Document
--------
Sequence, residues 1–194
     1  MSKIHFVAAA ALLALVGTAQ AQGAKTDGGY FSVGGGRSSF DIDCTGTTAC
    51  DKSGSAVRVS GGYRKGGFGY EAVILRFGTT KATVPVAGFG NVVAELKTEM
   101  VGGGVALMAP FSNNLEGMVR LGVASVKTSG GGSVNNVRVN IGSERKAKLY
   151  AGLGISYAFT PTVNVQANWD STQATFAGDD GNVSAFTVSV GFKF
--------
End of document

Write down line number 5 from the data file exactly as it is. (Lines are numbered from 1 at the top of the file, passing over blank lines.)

   151  AGLGISYAFT PTVNVQANWD STQATFAGDD GNVSAFTVSV GFKF